Spectrum Logo
A non-profit publication of the Office of the University Relations of Virginia Tech,
including The Conductor, a special section of the Spectrum printed 4 times a year

President Addresses Funding Issues

Spectrum Volume 17 Issue 16 - January 19, 1995

(Editor's note: Following is a letter to the university community from President Paul Torgersen.)

Dear Colleague:
You have undoubtedly been reading news reports of the governor's budget recommendations. I am writing to let you know how they would affect Virginia Tech, and what our plans are to address the situation.

In spite of an overall revenue increase projected for next year, the budget introduced by the governor on December 19 calls for reductions in state spending of approximately $400 million. Of this amount, approximately $150 million would be applied to a state tax cut, $80 million for increased funding for corrections, $70 million to fund the settlement with federal retirees, and $22 million for economic development activities.

Analysis of the budget recommendations for higher education is still under way. However, it appears that General Fund support for higher education will be reduced by about $47 million, on top of a $14.7-million decrease already in the budget for 1995-96.

Unfortunately, the largest single reduction in higher education is targeted for our Cooperative Extension Service and Agriculture/Forestry Research. The governor recommended reductions in these units of $13.1 million (including salaries and fringe benefits), in addition to a $2.2-million shortfall in the 1995-96 budget. As a reference, the General Fund appropriation for those two agencies would have been $42.5 million. These reductions came as a surprise, since last year the governor restored funding to Extension over and above the General Assembly's action.

Other reductions proposed for our budget include elimination of funding for the Equine Medical Center, elimination of funding for a number of centers and for the newly initiated seafood research program. In addition, all institutions are expected to fund a proposed 2.25 percent salary increase for the faculty and staff from their own budgets. For Virginia Tech, this would amount to about $1.8 million across the university. In all, the budget reductions for Virginia Tech total about $18 million.

How could this happen, given the budget reductions Virginia Tech and higher education have already experienced? There is a strong current of public opinion running in favor of lower taxes and increased spending on measures to lock up criminals. Whether these attitudes are well founded or not, the governor clearly believes that his budget is responsive to the will of the people. The members of the General Assembly will now decide to what extent they agree with the governor, and all members of the General Assembly will face the voters in November. Clearly we are dealing with forces much larger than higher education.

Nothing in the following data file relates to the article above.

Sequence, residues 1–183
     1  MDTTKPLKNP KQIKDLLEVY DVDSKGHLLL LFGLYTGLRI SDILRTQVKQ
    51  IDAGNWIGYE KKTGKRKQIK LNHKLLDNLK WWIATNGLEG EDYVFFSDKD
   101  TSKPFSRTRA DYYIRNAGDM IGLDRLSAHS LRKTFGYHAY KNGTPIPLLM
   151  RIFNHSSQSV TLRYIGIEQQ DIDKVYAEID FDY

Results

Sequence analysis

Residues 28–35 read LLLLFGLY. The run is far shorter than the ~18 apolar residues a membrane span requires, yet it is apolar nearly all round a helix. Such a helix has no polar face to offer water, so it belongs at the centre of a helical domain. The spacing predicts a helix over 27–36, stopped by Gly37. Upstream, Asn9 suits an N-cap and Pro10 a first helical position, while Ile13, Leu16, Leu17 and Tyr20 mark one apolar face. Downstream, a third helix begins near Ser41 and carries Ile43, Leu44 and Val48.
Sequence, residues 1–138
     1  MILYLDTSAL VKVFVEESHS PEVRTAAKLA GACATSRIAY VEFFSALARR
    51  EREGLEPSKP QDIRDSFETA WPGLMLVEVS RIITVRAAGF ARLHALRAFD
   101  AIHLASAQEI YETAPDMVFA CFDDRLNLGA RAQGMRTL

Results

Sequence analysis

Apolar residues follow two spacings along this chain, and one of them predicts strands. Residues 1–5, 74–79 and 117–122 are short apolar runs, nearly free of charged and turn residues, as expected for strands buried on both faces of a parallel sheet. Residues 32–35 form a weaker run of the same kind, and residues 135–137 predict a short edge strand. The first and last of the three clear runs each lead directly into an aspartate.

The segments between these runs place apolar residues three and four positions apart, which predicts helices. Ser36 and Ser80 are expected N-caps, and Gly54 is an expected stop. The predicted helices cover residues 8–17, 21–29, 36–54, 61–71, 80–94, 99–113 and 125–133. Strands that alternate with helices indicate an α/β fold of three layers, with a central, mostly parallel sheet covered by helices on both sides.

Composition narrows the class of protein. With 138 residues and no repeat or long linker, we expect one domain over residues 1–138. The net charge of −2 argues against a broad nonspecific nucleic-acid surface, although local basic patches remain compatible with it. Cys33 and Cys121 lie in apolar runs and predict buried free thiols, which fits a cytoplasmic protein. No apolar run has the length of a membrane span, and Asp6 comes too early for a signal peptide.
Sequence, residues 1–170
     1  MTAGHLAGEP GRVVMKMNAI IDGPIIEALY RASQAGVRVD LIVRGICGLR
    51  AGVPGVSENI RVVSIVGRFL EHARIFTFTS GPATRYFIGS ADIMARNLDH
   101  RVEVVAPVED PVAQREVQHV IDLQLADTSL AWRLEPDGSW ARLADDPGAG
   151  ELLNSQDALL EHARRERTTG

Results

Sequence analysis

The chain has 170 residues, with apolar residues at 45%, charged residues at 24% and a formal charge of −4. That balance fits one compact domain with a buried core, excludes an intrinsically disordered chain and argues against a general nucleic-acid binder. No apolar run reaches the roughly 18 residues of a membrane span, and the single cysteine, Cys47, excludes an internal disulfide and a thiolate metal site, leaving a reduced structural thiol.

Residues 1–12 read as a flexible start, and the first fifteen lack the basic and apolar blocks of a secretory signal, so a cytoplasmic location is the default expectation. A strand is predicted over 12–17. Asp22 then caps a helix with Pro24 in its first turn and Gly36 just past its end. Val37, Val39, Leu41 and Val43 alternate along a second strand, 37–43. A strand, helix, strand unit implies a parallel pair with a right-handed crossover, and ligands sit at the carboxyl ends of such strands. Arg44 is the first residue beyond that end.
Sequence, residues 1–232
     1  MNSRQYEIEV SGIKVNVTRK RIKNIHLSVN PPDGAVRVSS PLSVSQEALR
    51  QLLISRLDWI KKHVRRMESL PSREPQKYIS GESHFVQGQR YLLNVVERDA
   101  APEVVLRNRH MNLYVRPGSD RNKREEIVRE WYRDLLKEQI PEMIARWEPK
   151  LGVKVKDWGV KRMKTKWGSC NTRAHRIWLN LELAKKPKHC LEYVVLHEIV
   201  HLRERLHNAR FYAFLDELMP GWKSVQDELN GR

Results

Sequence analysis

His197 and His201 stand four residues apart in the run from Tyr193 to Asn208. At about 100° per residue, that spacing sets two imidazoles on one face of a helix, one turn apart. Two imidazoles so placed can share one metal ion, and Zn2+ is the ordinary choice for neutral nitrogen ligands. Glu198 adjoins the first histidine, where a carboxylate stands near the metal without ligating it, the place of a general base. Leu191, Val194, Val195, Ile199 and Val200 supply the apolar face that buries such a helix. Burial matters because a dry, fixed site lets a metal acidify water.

But we are not without resources to make our case to the governor and General Assembly, and I am prepared to do so to the extent of my ability. We will be seeking restoration of funds, as well as resources that we believe are essential to move the university forward in its restructuring process, such as instructional technology.

Already Extension supporters have flooded public hearings on the budget from Martinsville to Alexandria. Our alumni are strong and eager to help us make our case to the General Assembly. We have many friends in the General Assembly who strongly believe that higher education has suffered too many reductions already over the past few years. A newly formed Business-Higher Education Council, composed of CEO's of major corporations in Virginia, is actively working on our behalf.

Over the past year, I have crossed the state many times speaking to civic groups and visiting legislators. I plan to spend most of the next month in Richmond.

I need not tell you that the stakes are high. We must reverse the trend of declining funding for higher education in Virginia, not for our sakes, but for the future of the commonwealth.

While I will do all that I can, along with the deans and members of the administration, Virginia Tech is fundamentally a collective enterprise. What can you do to help? Continue to set an example, in the classroom and in your research and outreach activities, of what a model land-grant university is all about. If the public-students, parents, alumni and friends-are convinced that we are doing the best job possible with the resources made available to us, we have to believe there will be support for Virginia Tech.

If you have specific comments or suggestions, I would welcome hearing from you. I value the advice of the members of the university community. We will update you over the next few weeks through Spectrum.


Paul E. Torgersen